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have dropped out of Collegiate Academies schools since the November protests, Lellelid said. Lellelid said that since November, Marcovitz did hold at least one meeting, and that she has seen better documentation regarding suspensions. However she said that the students and parents still do not feel they have been heard, and that the policies continue to hurt students and violate laws. “As the public, are we okay with those tasked with educating our children continuing to break the law, because they say ‘We are working on it’?” As taxpayers, we are paying to educate our children, Lellelid said, and based on the numbers, Collegiate seems to be more focused on kicking kids out of school than educating them. Marcovitz’s publicly funded salary for the 2013-2014 school
year is approximately $130,000. Lellelid said she has spoken with first year, uncertified teachers who make an annual salary of $45,000. Carver Prep and Carver Collegiate opened in 2012 with only a 9th-grade class, adding a 10th grade in 2103. Sci Academy opened in 2008. Marcovitz wrote that “Suspensions are not correlated with poor drop out or expulsion rates. Collegiate Academies’ 2011-12 drop out rate was 1.6 percent, compared to the state average of 4.7 percent. Collegiate Academies’ 2012-13 expulsion rate was 2.6 percent.” However Carver Prep and Carver Collegiate did not exist in the 2011-2012 school year. Marcovitz also points out that a majority of the out of school suspensions (80 percent at Carver Collegiate for 2012-2013) are only a one-day suspension. He attributes the November protests to a “a small group of activists. . . making inaccurate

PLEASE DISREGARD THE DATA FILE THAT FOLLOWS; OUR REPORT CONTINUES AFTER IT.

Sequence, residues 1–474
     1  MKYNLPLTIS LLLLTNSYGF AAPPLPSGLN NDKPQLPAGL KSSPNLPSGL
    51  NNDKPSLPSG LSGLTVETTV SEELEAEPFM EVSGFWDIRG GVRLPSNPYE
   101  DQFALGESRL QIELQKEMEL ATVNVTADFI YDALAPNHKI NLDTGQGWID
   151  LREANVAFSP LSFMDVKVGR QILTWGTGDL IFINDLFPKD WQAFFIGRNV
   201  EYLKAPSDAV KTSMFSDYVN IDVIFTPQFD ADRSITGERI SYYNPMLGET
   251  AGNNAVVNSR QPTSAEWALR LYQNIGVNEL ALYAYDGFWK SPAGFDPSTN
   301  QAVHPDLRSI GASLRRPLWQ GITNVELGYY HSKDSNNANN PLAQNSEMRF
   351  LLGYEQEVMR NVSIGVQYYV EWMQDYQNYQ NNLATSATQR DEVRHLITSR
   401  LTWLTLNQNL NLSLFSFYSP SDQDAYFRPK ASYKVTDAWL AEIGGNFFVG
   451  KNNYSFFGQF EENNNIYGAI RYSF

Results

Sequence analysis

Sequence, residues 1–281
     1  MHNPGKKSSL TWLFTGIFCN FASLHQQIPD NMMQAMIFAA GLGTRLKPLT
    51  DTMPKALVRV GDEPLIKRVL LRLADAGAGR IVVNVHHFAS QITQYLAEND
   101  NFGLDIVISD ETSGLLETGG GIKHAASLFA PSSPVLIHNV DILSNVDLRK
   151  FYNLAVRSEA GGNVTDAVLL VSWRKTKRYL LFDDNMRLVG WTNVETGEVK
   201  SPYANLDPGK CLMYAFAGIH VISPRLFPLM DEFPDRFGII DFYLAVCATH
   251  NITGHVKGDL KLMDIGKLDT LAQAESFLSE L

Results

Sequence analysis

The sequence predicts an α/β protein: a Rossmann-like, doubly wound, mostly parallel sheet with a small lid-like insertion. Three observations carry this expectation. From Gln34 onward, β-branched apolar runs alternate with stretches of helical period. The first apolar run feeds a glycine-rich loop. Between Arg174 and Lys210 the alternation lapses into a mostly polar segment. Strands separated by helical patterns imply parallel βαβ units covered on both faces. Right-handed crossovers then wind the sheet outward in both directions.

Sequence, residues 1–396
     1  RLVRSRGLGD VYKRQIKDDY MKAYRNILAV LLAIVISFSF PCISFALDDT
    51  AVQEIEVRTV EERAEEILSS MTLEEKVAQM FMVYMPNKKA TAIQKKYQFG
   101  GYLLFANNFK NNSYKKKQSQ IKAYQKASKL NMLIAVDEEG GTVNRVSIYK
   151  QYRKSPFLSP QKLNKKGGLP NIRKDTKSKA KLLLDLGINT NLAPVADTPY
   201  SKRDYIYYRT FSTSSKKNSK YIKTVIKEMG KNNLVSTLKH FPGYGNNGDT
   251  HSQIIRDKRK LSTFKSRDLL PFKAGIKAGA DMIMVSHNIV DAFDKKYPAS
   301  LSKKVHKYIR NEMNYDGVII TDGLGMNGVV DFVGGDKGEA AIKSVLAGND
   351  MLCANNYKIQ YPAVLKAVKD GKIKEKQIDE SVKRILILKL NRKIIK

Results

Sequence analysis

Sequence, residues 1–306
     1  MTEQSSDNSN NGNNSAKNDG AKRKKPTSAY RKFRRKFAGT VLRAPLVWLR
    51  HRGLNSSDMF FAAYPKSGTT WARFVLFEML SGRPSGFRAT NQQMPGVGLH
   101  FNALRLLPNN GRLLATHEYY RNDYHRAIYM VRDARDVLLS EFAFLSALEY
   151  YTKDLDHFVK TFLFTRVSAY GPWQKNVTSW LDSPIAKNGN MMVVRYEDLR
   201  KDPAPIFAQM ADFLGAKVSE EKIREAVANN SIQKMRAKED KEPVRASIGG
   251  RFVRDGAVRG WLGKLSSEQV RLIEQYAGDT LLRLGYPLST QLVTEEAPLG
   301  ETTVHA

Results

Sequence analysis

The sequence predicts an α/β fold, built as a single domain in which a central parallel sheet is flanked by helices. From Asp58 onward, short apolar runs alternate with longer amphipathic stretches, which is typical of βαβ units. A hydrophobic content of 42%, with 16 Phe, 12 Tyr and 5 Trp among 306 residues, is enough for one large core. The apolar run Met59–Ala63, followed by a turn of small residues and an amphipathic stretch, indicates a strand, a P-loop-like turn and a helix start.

claims.” But Lellelid said that based on her extensive work with students and parents, she believes the civil rights complaint represents a majority of students. And for Jolon McNeil, Schools First project director and managing director for the Juvenile Justice Project of Louisiana, the skyhigh suspension rates (61.36 percent percent for Carver Prep and 38.9 percent for Sci Academy) at all three schools raise larger concerns about the emotional, psychological, and long-term effects on the students. McNeil stresses that the aim of her advocacy work is not just to criticize policies, but to foster conversation with all voices at the table, and to work collaboratively with schools to share best practices and identify effective ways to reduce out of school suspensions. Suspensions don’t work, McNeil said. For one, if a student is in class, they aren’t learning. In addition, she said she wants administrators to look at whether
Gov. Deval Patrick meets with Japanese Senior Vice Minister Yasutoshi Nishimura in the Senate Reading Room in the State House. (Governor’s Office photo Eric Haynes)